From Endurance to Dressage
The Price of Showing
Is it just me, or does it seem like it's getting more and more expensive to show? Here in California, December is membership renewal time. Earlier this week, I renewed both my California Dressage Society (CDS) and US Equestrian (USEF) memberships. While the cost hasn't risen per se, it seems as though I'm getting less for my money.
I've mentioned no less than a thousand times how much US Equestrian annoys the heck out of me. I get absolutely nothing from that organization other than the "privilege" of showing as an Adult Amateur. Oh, and I also "get" to take an annual course on recognizing sexual predators. Never mind that the FBI recently covered up reports of child molestation by at least one coach in gymnastics - one of the Olympic sports that made SafeSport necessary in the first place.
I've written about this a number of times, and each time I get blasted for being insensitive by those who insist that all athletes, even dressage riders who are mostly middle-aged women, should undergo training designed to teach them about child molesters. Never mind that I am a mandated reporter (as are so many others) and undergo extensive training each year as part of my job. As we all know, SafeSport has yet to be proven effective, especially if Larry Nassar was SafeSport certified. Maybe he skipped the training?
Darn it, I didn't mean to get so far off topic. What was I complaining about? Oh, yeah, how expensive riding my horse at a show is even before I've sent in an entry. US Equestrian's cheapest option, the one that lets me compete without any extra fees but doesn't make me or my horse eligible for any awards, runs $80 a year.
Membership in CDS has always felt like a bargain. It gives me Group Membership in the United States Dressage Federation (USDF) which does make me eligible for all rider performance awards (over half of which I have earned). Membership in CDS also makes me eligible for all of its awards as well, many of which I have earned.
Each year though, the awards that I earn from CDS seem to cost more to actually receive. For the twelve years that I have been a member, year-end plates have been free. Plates are earned when a rider scores 60% or higher. The plate is a small metal plate that sticks to a plaque. The plaques must be purchased; when I bought mine, I think I paid $35. It now costs $50, and in all honesty, it's not like it's all that fancy. I am pretty sure a nicer one could be ordered from your local trophy shop for less money. It might not have the CDS logo on it, but I don't think that would have discouraged me if I were to need one today.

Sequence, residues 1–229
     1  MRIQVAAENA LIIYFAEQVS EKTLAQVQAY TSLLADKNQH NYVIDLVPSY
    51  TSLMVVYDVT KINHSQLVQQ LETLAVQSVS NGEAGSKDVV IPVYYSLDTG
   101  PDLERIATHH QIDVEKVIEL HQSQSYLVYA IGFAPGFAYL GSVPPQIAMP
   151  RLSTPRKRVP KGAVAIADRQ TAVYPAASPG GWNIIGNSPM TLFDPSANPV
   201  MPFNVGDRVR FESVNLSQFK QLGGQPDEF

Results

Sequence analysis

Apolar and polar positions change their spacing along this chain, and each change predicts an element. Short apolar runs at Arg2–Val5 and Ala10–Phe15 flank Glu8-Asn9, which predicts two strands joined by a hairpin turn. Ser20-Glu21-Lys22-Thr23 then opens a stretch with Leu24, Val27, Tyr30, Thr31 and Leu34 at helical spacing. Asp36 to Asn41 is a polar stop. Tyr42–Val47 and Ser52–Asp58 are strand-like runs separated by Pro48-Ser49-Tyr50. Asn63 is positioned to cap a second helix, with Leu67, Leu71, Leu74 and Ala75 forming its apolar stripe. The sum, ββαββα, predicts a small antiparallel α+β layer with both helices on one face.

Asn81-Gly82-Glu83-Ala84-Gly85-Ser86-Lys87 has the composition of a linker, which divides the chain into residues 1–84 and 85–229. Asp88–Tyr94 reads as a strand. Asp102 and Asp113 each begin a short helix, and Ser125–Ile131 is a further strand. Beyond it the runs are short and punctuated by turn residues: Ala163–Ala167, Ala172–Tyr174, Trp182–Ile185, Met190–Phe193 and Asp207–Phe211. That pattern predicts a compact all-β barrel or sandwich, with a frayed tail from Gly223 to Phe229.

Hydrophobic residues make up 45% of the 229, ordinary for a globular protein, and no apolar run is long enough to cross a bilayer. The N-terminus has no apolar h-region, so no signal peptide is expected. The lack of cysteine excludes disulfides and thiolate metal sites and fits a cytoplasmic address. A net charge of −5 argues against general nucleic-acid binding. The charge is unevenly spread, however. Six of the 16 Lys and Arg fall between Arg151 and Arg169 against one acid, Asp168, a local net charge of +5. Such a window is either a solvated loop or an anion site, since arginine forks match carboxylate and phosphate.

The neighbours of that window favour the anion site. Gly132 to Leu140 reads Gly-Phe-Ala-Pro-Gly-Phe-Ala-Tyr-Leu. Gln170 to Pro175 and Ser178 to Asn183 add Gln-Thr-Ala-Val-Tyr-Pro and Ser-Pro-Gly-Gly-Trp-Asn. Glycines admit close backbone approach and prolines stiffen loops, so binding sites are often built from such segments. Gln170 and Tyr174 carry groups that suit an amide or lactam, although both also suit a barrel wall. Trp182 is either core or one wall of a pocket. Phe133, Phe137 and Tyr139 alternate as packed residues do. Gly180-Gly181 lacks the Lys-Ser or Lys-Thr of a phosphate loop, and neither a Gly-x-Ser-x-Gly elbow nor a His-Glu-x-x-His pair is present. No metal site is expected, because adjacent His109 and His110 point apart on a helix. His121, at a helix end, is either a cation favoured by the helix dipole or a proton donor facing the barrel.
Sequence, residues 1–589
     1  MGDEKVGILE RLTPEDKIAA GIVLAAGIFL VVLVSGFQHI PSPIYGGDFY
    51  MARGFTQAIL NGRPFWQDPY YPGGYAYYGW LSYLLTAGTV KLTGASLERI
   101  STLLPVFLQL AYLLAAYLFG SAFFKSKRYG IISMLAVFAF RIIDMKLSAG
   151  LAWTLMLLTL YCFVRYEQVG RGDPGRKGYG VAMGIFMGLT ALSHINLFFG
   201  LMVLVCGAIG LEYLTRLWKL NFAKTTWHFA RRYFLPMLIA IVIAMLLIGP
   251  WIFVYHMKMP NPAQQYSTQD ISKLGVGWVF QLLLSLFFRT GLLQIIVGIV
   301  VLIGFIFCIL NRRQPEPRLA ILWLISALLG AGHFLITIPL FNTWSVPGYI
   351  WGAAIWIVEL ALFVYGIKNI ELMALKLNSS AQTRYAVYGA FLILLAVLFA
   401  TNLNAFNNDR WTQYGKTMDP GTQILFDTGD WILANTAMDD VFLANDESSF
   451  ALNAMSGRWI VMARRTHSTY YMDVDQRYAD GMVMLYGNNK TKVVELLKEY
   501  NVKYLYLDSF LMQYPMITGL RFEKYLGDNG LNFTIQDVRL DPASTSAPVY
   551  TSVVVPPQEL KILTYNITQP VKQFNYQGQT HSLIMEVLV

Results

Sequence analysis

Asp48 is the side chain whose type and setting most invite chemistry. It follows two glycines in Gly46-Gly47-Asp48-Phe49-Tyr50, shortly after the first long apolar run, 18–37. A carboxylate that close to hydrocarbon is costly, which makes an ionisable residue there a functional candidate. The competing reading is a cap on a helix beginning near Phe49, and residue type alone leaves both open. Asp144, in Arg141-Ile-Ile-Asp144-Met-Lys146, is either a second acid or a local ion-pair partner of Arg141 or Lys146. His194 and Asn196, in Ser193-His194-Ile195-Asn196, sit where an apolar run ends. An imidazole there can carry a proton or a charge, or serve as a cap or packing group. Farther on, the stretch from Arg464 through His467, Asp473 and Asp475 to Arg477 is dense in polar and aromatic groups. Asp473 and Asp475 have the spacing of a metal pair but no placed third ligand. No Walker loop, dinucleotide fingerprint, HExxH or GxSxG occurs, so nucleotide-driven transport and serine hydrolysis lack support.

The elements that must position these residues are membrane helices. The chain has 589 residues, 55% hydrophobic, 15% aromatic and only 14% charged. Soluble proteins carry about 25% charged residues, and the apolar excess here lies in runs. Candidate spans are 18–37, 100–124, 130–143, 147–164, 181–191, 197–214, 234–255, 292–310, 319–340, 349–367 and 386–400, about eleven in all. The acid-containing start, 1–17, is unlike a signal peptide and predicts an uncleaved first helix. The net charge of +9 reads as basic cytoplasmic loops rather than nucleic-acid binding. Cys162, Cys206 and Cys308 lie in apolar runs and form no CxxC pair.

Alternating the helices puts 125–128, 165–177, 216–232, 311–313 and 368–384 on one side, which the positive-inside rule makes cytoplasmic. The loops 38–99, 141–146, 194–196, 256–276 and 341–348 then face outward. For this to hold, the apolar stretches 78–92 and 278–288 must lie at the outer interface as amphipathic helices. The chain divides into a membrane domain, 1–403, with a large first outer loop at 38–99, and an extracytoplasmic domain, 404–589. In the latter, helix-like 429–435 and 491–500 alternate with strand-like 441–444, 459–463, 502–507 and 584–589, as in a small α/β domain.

This year, I discovered that the plates are no longer free as they have been since I joined. I know many trainers who are eligible for multiple plates - you get one for each eligible horse. In 2019, I received two plates. This year, the plates now cost $12. Yikes! That's pretty steep if you have two or three or five horses that you competed. Izzy earned one qualifying score for the 2021 season, so I feel compelled to order the plate. If I want him to be eligible for horse performance awards next year (different from the plates), I need to pay another $10 for that eligibility. In the unlikely event that we do earn enough scores, I'd be super annoyed if I hadn't coughed up the $10.
Maybe riders have indicated they'd rather be charged a la carte, not me. Just charge me whatever you think will cover the cost of the awards, and we'll call it even. If I win something, great, and if not, I've just subsidized someone else's trophy. And if we all win something, CDS can boast about the banner year its membership enjoyed.
As of right now, I'm looking at over $200 in membership and eligibility fees. That's seems like a lot, especially since Izzy and I aren't enjoying any success in the show ring.
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About the Writer and Rider
I am a lifelong rider.
I began endurance riding in 1996 where I ultimately completed five, one-day 100 mile races, the 200-mile Death Valley Encounter, and numerous other 50, 65, and 75 mile races. I began showing dressage in 2010.
Welcome to my dressage journey.
About Speedy G
Speedy went from endurance horse to dressage horse. After helping me earn a USDF Bronze medal in the summer of 2020, he is now semi-retired. Speedy is a 2004, 15'1 hand, purebred Arabian gelding. His Arabian Horse Registry name is G Ima Starr FA.
Izzy was started as a four-year old and then spent the next 18 months in pasture growing up. I bought him as a six-year old, and together, we are showing at the lower levels. He is a 2008, 16'3 hand warmblood gelding. His Rheinland Pfalz-saar International (RPSI) name is Imperioso.
National Rider Awards
State Rider Awards
State Horse Awards
CDS Sapphire Rider Award
Third Level: 63.514%
Third Level: 62.105%
2023 Show Season
(r) Ride-a-Test Clinic
2023 Show Schedule
2023 Completed …
2023 Qualifying Scores
Regional Adult Amateur Competition (RAAC)
Qualifying Training Level
3 Scores/2 Judges/60%: